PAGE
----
It’s likely no surprise to dog owners, but growing research suggests that man’s best friend often acts more human than canine.
Dogs can read facial expressions, communicate jealousy, display empathy, and even watch TV, studies have shown. They’ve picked up these people-like traits during their evolution from wolves to domesticated pet, which occurred between 11,000 and 16,000 years ago, experts say.
In particular, “paying attention to us, getting along with us, [and] tolerating us” has led to particular characteristics that often mirror ours, says Laurie Santos, director of the Yale Comparative Cognition Laboratory.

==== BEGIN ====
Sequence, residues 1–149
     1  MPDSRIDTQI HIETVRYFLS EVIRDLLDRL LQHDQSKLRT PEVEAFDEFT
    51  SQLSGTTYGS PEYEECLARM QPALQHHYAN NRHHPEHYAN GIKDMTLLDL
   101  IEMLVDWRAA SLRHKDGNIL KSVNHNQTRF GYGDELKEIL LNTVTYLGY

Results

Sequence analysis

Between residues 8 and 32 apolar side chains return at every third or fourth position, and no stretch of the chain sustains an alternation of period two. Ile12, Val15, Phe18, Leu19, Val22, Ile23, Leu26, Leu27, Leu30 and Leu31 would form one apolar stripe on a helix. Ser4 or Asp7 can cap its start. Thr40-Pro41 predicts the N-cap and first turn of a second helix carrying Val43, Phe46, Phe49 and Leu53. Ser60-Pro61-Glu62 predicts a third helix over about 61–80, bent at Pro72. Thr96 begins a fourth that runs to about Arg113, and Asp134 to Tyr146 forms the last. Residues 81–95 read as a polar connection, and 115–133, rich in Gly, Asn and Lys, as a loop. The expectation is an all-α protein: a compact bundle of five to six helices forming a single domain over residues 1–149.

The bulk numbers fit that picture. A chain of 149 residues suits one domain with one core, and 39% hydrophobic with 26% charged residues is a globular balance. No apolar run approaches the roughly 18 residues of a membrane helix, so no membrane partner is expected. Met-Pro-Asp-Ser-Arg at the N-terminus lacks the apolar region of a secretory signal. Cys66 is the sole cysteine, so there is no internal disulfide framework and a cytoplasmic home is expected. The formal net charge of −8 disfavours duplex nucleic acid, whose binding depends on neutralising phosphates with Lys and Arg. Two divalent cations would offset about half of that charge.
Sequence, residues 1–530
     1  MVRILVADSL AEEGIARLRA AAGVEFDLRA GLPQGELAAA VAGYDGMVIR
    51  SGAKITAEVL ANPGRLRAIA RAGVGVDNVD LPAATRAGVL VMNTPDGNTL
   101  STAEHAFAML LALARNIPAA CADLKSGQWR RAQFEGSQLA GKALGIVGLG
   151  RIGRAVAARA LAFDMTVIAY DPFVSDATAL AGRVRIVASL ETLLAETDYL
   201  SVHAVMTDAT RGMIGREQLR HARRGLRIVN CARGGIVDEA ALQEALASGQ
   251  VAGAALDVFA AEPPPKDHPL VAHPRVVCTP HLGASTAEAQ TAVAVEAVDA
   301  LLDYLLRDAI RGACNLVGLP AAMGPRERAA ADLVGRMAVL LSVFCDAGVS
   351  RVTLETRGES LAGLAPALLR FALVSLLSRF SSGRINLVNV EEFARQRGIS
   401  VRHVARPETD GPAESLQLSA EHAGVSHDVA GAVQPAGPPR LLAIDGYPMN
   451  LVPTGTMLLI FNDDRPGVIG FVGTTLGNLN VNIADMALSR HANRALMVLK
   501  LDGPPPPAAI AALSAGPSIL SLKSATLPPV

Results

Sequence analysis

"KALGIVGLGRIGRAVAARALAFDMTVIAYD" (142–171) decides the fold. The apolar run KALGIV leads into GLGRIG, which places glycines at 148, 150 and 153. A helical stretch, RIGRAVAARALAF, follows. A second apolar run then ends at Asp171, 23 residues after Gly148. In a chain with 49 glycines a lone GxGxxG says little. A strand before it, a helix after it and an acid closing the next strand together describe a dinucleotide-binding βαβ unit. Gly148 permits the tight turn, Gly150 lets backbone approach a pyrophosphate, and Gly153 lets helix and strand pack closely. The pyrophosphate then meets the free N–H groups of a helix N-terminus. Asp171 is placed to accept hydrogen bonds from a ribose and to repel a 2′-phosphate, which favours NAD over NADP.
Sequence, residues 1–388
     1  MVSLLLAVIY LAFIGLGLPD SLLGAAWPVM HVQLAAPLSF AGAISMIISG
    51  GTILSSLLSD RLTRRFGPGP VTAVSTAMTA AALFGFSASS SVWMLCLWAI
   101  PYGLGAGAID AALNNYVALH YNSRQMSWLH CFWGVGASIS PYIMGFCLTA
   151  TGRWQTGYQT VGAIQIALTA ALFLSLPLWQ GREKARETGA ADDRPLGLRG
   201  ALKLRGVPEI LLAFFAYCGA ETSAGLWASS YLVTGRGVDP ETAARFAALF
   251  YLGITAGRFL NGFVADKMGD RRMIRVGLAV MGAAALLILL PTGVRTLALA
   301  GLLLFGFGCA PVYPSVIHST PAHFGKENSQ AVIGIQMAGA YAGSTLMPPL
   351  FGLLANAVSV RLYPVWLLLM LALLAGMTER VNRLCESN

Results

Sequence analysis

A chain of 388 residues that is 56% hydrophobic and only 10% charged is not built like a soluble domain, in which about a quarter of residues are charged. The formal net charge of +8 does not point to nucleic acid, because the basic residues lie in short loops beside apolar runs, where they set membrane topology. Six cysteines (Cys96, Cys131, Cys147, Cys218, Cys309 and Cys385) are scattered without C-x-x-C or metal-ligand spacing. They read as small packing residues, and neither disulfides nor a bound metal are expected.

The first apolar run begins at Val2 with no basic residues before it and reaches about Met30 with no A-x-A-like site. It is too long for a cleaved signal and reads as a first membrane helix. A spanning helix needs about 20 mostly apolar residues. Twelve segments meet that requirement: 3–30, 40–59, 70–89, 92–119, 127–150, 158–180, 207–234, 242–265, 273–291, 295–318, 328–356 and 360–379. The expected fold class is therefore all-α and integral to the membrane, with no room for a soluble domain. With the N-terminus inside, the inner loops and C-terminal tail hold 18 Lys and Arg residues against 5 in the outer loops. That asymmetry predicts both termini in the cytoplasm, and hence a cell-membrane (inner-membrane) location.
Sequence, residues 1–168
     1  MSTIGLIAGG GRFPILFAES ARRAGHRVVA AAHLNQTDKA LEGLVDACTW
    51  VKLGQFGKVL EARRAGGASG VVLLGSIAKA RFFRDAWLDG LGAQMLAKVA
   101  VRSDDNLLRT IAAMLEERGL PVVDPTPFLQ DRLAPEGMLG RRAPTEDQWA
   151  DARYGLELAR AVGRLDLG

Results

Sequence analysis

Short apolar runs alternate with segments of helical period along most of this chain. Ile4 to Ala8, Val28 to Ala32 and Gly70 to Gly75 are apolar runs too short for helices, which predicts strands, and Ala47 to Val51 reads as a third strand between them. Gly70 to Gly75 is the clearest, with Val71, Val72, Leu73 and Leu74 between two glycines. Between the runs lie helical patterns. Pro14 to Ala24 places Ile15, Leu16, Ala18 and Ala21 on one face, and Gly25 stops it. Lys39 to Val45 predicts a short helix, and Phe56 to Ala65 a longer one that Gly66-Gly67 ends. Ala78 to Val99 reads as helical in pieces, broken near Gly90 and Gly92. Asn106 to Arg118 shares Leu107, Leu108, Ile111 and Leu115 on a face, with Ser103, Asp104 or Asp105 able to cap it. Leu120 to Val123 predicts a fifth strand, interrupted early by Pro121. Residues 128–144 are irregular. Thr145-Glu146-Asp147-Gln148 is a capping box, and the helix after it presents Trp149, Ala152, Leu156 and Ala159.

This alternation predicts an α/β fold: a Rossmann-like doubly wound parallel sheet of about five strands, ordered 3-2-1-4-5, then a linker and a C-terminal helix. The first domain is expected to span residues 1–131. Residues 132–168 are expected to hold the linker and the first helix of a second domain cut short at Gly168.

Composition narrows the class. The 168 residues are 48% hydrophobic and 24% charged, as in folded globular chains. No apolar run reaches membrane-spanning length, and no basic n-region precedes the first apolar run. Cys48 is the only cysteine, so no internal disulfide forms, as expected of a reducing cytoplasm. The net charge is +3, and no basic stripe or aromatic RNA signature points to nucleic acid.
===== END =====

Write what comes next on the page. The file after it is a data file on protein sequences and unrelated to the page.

In humans, aging hastens declines in short-term memory and logical reasoning skills, making it more difficult to learn new tasks.
Previous research has found similar declines in dogs, but long-term memory is a little-known aspect of dog biology.
That’s why scientists are studying how dogs both young and old memorize tasks, and whether the animals can remember them months later.
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